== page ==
I’m in a strange mothering season. I can flip like a light switch from a conversation about potty training to high school graduation because they are both realities in my life. It is the fact that they are both in my life right now that shines a spotlight on the truth of these words.
They grow up too fast!
This week we are preparing for my firstborn baby to graduate high school. It marks the end of her life at home and the beginning of life on her own. She will always be part of our family, but her presence in our family is changing.
This week I have begun the walk down memory lane while gathering pictures, elementary school projects, and other things to share at a small dinner we are holding to honor her. I hold the evidence in my hand that she did grow up too fast. I’ve already cried my fair share of tears. (And I know there are many more to come.)
Let me tell you about Emma. It’s easy to focus on the resume of accomplishments, and while there are plenty, those things aren’t really her. In fact, those things are can often drive a wedge and they become points of comparison, discouragement, or envy. Instead, let me tell you about who she is.
Emma is kind and tender-hearted. When she walks into a room, she is drawn to the person who is alone or feeling out of place. She has an inviting presence that draws you in.
Emma is a good conversationalist. She asks good questions and is genuinely interested in knowing more about you. She finds out interesting things and connects with people at a level deeper than what meets the eye.
Emma is willing to try new things. From speaking a new language or traveling overseas by herself, to trying a new food or game, she is willing to give it a shot and try something new. Sometimes she finds that she loves it and can develop a new interest, but sometimes she realizes that it wasn’t what she thought and can stop spending energy wondering about it.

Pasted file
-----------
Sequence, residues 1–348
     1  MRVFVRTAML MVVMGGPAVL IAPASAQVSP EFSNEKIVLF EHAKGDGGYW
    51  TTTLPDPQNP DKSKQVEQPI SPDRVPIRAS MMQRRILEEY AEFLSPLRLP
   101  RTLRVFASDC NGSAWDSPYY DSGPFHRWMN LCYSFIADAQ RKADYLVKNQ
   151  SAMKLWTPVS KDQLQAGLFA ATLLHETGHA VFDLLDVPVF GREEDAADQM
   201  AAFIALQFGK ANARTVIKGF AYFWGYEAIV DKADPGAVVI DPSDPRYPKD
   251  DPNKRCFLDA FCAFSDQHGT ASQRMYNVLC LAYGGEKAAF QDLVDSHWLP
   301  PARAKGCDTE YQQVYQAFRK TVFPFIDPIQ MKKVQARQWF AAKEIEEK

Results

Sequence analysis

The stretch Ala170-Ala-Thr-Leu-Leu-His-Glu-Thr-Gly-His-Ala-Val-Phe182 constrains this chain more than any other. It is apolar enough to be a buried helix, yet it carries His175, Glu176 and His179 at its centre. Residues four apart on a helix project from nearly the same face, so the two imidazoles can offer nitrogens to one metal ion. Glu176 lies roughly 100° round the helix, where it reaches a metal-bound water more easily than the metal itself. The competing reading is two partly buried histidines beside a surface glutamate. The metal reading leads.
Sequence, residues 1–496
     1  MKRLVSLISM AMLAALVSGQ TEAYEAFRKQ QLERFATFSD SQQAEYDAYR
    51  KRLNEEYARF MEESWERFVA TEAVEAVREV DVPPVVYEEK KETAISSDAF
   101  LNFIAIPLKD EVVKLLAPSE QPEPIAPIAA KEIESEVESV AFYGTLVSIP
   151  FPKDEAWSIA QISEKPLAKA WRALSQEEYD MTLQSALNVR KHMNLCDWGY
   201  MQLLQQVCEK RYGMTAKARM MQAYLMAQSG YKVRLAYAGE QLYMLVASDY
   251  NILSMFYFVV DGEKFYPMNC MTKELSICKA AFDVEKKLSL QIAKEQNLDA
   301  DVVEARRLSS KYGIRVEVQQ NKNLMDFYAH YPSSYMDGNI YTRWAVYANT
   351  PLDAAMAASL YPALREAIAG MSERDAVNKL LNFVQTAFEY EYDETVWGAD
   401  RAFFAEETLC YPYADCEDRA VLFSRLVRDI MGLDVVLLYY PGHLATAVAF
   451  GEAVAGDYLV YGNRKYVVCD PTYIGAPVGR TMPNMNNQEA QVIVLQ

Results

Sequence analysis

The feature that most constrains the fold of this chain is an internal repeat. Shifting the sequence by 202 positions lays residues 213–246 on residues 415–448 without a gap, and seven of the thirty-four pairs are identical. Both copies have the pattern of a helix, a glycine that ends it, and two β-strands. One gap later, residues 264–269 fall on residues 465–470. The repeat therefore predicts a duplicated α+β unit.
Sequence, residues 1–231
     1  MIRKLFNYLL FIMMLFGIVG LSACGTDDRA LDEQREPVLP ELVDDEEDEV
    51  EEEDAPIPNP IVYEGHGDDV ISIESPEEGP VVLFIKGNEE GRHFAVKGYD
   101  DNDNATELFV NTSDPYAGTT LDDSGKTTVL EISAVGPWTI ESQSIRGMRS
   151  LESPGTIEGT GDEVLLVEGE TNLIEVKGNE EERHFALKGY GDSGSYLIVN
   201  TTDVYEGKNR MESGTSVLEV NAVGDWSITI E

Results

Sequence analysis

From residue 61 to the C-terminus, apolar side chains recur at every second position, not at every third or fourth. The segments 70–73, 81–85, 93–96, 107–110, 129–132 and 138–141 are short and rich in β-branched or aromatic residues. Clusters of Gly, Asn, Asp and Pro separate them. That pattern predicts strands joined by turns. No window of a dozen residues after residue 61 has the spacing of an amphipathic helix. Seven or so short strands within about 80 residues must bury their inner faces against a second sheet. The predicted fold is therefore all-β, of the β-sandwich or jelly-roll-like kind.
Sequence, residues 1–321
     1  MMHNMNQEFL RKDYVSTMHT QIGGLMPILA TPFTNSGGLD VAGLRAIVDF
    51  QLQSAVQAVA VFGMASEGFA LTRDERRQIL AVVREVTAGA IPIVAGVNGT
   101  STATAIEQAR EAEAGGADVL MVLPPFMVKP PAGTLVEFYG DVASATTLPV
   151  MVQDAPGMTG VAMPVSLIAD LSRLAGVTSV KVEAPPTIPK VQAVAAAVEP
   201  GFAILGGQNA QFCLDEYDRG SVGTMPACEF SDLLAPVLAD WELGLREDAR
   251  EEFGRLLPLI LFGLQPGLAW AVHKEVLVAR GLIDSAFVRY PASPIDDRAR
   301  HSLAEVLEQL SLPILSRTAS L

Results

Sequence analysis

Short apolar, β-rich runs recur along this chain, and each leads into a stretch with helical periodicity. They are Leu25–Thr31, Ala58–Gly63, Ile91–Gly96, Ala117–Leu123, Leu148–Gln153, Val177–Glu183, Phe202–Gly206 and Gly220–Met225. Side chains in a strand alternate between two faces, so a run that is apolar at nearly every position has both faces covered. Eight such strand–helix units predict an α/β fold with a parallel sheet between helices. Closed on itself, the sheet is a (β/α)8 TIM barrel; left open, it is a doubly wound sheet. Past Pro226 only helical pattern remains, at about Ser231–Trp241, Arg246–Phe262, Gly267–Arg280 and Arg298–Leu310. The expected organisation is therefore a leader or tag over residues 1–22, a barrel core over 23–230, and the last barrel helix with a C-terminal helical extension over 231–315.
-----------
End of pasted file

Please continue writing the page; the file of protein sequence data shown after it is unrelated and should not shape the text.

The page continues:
Emma is a learner. Lots of us say we are, but I have seen her do it. She wanted to play guitar for Wednesday night youth group, only she didn’t play the guitar. So she learned. She wanted to be a lifeguard at her summer camp, only she didn’t swim. So she learned. She wanted to paint pictures to give her grandparents, only she didn’t have any knowledge on the mediums. So she learned.
As she heads off to college, I am excited for the opportunities that face her and seeing where she will be 18-years from now.
As I continue to muddle through this week of tears, I want to share something I wrote for her 18th birthday.
They Told Me…
They told me 9-months of pregnancy would go by quickly, but I was so sick I couldn’t imagine it ever ending. And then you were born. And I was in love.
They told me you would be sleeping through the night before I knew it, but I was so exhausted from your (multiple) nightly feedings that I couldn’t imagine it. And then one night you did. And I did. (And I panicked!) And we began to find our rhythm.
They told me not to worry about when you would start to walk, but I did worry. And when you were ready you did start to walk. And now you run far and strong.
They told me that no one ever went to college still in diapers, but I was convinced you would be the first. And then almost overnight you mastered the skill of using the potty. And you gained independence.
They told me to enjoy the toddler years because the school years come around quickly, but I was sure they would never end. And then one morning you were off on the bus eager to for your new adventure of school. And I began to feel the momentum of time pick up speed.
They told me the days would feel long, but the years would fly by!
They told me to revel in the moments you wanted me – needed me – and to embrace them not as interruptions, but to cherish as precious mommy moments. But I took them for granted and believed they would never end. And now you are a strong, capable young woman who doesn’t need her mommy the way you used to.
They told me that if I blinked, you would grow up.
And you are.
No matter what season of mothering you are in, enjoy today. Look for and create those mommy moments. They do grow up too fast, and after today, those moments will either be a memory or a lost opportunity. What will you choose?